For the Waddell family, the energy expenses they saved became money they could invest in other areas of the business. By eliminating some of the small, hidden costs that are involved with powering a dairy farm, Waddell says it has led to some significant savings and has helped the farm continue to grow.
“We’re constantly doing projects and [building] something new, so it’s pretty easy to figure out the cost of that project. What you can sometimes miss are the costs of the electric service, the subpanel, the wiring, and all those hidden costs that come with a building,” Waddell shared in the podcast. “By being able to save electricity, we also don’t have the infrastructure cost of setting up another service and upgrading lines. Those things can have significant costs.”
Throughout the podcast, Waddell shared the journey of his farm’s growth and described the small-scale improvements they made that have led to long-term efficiency. He also identified other ways his family prioritizes efficiency on the dairy:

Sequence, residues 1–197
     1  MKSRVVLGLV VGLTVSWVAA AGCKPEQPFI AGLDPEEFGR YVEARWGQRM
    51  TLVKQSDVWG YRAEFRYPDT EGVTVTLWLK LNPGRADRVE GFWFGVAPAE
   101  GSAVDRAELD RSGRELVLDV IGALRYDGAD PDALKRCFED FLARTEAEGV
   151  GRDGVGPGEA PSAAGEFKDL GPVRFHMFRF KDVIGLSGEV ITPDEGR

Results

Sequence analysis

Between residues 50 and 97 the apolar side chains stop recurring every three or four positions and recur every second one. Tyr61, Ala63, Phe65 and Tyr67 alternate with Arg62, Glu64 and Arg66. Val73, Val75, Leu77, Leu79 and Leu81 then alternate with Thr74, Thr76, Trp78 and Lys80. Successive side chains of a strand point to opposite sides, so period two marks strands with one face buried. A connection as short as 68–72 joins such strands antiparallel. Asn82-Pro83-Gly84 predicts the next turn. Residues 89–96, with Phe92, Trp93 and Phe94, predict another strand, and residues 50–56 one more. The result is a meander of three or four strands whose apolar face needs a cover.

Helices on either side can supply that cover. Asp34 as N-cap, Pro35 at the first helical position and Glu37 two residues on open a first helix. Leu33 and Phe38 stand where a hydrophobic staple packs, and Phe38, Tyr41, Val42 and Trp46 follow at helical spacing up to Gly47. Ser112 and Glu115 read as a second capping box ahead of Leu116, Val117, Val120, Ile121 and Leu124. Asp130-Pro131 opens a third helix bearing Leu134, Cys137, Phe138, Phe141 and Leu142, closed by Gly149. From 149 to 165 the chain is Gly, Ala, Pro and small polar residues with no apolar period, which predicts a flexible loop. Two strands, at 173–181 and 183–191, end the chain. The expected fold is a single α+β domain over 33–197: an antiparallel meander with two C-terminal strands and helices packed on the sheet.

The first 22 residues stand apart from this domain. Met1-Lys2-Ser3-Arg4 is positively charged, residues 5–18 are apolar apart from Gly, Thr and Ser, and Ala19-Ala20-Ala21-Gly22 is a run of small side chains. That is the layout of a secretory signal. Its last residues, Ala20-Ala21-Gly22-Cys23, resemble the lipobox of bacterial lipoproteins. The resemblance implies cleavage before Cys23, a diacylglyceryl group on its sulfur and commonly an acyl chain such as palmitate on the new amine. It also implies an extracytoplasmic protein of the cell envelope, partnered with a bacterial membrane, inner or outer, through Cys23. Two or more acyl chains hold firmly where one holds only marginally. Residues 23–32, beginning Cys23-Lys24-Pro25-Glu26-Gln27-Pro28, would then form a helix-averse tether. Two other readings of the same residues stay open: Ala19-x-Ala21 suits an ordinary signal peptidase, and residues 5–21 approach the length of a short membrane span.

- Manages other enterprises such as hauling their own milk. “It has been a very good opportunity for us. For anybody looking to haul their own milk, I think it’s definitely worthwhile. There are some savings that can be had there, but the bigger thing is making sure you know how to work on milk trucks and have [employees] who can drive. It’s every day—rain, snow, or shine— just like cows. You might not be in the barn freezing, but you’re out on the interstate somewhere putting tire chains on.”
- Focuses on calf care. “We feed calves three times a day, and there’s a lot of data that shows they make more milk throughout their entire life when you do that.We tracked that here on our farm, and it ended up being about five pounds a cow in that first lactation.”
- Ensures heifer comfort. “We have heifers on deep sand bedding at four months old. We don’t want injuries. We really promote that heifer all the way through. I think heifer barns take crowding a little harder than dairy barns, so we really watch our stocking densities in heifer barns.”